The U.S. Postal Service's first-of-its-kind interactive thermochromic ink stamp is to be issued Tuesday commemorating the the rare solar eclipse due to occur August 21 over the United States. The stamp is being released Tuesday.
A total solar eclipse provides us with the only chance to see the Sun's corona - its extended outer atmosphere - without specialized instruments.
This is the first time the Post Office has ever released a stamp made with thermochromic ink.
"With the release of these incredible stamps using thermochromic ink, we've provided an opportunity for people to experience their own personal solar eclipse every time they touch the stamps", says Cochrane. Then as the stamp cools, it goes back to showing the picture of the eclipse.
While the eclipse itself will by definition be fleeting, the stamp is a Forever stamp.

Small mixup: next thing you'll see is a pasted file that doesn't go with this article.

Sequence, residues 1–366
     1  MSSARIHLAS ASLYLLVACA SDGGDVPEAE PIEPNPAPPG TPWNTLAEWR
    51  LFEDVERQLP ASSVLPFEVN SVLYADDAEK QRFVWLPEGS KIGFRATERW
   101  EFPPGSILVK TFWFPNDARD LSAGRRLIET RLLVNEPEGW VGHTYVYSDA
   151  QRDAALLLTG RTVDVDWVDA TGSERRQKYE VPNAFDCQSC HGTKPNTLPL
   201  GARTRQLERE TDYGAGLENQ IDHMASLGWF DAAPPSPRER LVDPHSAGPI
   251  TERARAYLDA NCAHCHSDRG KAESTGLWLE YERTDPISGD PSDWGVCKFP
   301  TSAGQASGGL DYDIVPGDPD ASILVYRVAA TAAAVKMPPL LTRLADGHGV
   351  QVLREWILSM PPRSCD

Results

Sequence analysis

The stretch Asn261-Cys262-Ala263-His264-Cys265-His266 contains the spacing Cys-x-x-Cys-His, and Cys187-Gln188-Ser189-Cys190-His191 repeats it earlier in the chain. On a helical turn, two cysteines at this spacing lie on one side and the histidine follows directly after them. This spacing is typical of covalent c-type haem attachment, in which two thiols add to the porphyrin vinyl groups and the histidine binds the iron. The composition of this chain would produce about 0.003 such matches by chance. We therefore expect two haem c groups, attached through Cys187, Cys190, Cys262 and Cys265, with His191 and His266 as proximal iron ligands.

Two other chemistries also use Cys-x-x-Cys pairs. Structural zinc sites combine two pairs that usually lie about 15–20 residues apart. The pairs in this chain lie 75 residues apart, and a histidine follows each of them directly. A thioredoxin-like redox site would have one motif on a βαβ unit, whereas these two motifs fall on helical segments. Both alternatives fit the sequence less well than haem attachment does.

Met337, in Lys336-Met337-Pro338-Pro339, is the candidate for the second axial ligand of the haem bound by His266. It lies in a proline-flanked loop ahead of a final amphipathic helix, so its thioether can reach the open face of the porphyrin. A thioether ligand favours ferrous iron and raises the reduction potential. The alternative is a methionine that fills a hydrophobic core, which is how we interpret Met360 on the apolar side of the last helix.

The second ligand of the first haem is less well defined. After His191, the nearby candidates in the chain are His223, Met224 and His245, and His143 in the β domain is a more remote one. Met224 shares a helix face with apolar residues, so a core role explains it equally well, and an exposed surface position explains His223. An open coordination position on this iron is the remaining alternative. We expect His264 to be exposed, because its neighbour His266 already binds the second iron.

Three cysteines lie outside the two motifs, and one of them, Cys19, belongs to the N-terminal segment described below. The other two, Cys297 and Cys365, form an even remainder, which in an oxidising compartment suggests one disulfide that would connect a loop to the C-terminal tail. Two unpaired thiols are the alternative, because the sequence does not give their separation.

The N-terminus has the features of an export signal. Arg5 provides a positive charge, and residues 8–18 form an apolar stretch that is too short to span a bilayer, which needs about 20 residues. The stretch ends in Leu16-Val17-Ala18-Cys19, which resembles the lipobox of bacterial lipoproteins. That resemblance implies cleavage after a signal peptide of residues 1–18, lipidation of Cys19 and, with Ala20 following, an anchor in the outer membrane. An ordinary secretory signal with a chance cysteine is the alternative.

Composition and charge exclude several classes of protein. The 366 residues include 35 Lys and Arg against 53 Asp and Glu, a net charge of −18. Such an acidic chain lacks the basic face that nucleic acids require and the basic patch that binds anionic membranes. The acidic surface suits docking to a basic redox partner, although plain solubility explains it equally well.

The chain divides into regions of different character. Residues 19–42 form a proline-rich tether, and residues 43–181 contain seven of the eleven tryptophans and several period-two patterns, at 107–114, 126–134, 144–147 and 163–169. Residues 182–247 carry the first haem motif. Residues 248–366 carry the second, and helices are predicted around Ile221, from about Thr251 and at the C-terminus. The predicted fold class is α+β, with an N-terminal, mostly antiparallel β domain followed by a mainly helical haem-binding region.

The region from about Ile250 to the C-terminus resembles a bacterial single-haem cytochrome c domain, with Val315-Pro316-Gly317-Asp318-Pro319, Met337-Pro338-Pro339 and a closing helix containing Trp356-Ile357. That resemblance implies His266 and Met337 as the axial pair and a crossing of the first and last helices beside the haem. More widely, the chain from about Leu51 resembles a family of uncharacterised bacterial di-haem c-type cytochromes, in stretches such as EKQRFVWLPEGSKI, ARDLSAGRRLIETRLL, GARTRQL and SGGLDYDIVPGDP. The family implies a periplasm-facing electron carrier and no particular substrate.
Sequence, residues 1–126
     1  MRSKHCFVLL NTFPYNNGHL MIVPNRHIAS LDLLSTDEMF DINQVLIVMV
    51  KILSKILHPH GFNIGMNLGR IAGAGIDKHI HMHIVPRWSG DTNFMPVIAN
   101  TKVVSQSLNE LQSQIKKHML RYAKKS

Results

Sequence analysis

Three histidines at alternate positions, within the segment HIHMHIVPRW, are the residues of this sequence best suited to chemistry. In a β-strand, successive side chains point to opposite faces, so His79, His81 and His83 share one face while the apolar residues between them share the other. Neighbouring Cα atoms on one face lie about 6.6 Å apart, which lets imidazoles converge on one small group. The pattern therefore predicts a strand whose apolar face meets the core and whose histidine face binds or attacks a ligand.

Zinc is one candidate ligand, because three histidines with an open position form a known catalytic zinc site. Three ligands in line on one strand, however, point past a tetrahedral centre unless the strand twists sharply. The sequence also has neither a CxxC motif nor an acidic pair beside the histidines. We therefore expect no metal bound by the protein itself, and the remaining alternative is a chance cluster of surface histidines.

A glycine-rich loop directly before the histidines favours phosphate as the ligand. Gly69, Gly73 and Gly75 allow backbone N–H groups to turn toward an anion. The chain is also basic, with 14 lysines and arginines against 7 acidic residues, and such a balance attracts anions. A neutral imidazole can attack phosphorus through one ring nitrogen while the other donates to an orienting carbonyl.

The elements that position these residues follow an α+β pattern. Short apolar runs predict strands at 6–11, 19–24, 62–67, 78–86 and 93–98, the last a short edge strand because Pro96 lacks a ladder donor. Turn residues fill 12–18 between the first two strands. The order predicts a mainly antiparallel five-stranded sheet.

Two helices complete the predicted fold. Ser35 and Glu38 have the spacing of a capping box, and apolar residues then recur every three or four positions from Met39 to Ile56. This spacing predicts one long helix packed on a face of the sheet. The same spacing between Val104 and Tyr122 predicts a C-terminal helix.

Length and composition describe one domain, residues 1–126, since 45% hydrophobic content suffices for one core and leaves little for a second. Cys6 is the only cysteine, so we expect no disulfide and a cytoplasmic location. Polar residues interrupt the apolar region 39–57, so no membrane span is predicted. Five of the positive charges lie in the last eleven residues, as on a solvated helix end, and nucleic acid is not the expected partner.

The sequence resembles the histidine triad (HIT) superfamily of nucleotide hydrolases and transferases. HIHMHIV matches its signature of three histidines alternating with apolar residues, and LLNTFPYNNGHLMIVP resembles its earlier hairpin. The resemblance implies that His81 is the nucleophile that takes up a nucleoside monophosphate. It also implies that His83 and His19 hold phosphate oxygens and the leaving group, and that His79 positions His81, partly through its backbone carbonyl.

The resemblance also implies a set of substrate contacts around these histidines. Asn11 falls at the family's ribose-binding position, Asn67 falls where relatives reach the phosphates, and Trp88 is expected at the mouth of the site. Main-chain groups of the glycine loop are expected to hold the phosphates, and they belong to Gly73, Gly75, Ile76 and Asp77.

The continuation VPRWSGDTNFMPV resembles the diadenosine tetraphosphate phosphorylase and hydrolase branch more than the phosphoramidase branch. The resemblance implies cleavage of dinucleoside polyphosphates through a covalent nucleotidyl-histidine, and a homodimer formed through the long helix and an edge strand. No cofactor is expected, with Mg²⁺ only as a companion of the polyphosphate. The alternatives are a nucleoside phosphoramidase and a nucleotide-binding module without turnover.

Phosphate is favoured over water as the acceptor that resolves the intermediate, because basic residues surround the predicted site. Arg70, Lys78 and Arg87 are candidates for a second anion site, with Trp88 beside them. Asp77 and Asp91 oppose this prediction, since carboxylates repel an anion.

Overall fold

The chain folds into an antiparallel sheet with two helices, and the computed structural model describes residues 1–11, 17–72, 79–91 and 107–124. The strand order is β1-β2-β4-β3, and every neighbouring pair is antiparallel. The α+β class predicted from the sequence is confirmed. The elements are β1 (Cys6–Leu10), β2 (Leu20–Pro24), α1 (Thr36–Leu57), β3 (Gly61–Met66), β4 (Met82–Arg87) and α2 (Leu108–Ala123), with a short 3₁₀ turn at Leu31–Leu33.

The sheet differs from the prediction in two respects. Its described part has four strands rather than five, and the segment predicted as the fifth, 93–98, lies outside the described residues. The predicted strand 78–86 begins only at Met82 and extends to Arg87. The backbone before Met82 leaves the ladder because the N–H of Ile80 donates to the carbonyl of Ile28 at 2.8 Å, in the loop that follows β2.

The back of the stamp sheet will include a map depicting the path of the eclipse, from OR to SC. St. Louis falls in the path of the eclipse. A partial view of the phenomenon will be visible across North America.
It is being called the "Great American Eclipse".
Des Jardins will present information about the MSU-led Eclipse Ballooning Project, in which 55 teams from across the country will capture aerial video of the eclipse from high-altitude balloons and live-stream the footage to NASA's website. You can replicate an eclipse by holding a flashlight and waving your hand slowly across it.
A total eclipse - when the moon passes directly in front of the sun, obscuring it - is scheduled to takes place beginning at 2:41 p.m. on that Monday in August. Fourteen states will be able to see it in its "totality". It features a photo of the eclipse taken by retired NASA astrophysicist Fred Espenak, and it was designed by Antonio Alcalá. He's been collecting eclipse stamps since he saw his first one as a teenager. Many are booking hotels for the big moment, while others have had their rooms booked for years.